Mt Tongariro gas does not mean eruption - GNS

STACEY KIRK
Last updated 18:07 11/12/2012

Relevant offers

National

Stolen car leads police on chase across Auckland Dean of Napier stood down over adulterous affair 25 years ago Running man challenge heats up as firefighters join in Another warmer-than-normal May weekend ahead Wellington schools make shift to longer class times National surfing reserve proposed for coastal Taranaki Low cloud cover over Auckland for third day this week Sneak peek at Huntly's $458 million roading project 'Soft spot' at Takaka's recreation park a swamp Arrest made in Thames vandalism spree case

A noticeable release of gas has been spilling out of Mt Tongariro but this did not mean an eruption has occurred, GNS Science says.

There was still a "substantial possibility" of eruption however, especially over the next few months.

Mt Tongariro erupted for the second time this year on November 21, sending a 2km high plume of ash into the atmosphere.

GNS vulcanologist Brad Scott said ongoing activity at Mt Tongariro resembled a similar "volcanic episode" from the 1890s.

"After the second eruption in November we now have to consider the possibility that Tongariro might have entered an eruptive episode and this unrest could continue for several months.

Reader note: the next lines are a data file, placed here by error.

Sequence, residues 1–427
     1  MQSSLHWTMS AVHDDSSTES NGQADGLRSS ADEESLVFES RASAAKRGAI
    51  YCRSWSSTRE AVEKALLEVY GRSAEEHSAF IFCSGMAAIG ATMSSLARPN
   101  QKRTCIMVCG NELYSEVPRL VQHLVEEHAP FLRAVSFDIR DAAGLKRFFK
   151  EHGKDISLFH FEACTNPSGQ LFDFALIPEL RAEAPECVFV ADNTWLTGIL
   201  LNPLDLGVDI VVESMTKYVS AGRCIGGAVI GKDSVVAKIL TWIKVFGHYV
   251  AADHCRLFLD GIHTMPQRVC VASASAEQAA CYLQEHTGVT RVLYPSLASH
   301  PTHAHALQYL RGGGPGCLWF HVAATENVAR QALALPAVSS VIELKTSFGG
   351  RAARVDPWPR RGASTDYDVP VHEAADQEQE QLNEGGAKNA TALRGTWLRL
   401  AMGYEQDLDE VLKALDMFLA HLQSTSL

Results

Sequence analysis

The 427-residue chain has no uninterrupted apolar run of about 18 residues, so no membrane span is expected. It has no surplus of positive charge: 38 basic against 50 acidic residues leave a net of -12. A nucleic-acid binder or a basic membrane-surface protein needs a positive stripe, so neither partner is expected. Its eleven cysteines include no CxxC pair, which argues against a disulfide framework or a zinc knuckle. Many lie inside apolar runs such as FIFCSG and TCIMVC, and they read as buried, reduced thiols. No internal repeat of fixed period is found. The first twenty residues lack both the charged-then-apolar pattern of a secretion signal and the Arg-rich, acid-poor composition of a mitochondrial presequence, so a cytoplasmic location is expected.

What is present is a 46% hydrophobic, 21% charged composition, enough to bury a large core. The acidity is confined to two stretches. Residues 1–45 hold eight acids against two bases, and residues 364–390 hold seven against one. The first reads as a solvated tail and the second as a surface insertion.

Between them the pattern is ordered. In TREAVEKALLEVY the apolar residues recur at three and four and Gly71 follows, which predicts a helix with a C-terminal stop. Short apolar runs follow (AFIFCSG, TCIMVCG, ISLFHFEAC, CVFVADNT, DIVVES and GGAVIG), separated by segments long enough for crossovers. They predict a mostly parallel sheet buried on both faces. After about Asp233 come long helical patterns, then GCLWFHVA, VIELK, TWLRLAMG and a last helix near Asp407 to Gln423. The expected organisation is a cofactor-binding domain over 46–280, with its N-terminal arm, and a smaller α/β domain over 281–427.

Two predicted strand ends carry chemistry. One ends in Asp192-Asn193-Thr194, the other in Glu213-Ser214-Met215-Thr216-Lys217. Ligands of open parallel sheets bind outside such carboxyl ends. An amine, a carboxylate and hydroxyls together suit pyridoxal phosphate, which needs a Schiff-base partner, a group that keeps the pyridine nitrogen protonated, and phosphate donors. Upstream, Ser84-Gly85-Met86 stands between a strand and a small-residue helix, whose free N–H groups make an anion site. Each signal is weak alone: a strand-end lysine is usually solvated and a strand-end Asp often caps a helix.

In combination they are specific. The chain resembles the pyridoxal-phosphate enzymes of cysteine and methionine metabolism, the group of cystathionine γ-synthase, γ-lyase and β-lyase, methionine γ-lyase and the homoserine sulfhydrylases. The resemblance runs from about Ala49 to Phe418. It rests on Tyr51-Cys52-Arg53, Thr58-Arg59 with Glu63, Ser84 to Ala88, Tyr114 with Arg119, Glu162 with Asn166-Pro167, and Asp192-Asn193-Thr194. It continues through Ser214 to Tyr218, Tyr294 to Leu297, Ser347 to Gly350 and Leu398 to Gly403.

"Within an episode Tongariro might quietly discharge steam most of the time, but occasionally have small eruptions with little or no warning."

Head vulcanologist Gill Jolly said it was difficult to predict what might happen over the next few months.

"Unfortunately with active volcanoes nothing is black and white and our best assessments still have a lot of uncertainty.

"What we can say is that eruptions substantially larger than that on August 6 should give us some warning signs and at the moment we don't see any such signs," Dr Jolly said.

GNS said they had received several reports of possible eruptions, but each incident turned out to be normal steam discharge. On a fine day, the steam plume was more prominent.

There had been only minor seismic activity at Mt Tongariro since the eruption on 21 November. High winds meant no volcanic gas measurements were recorded last week.

GNS said gas could still be smelt downwind from Mt Tongariro and be a minor irritant to some people.

Ad Feedback

- Stuff

Special offers

Featured Promotions

Sponsored Content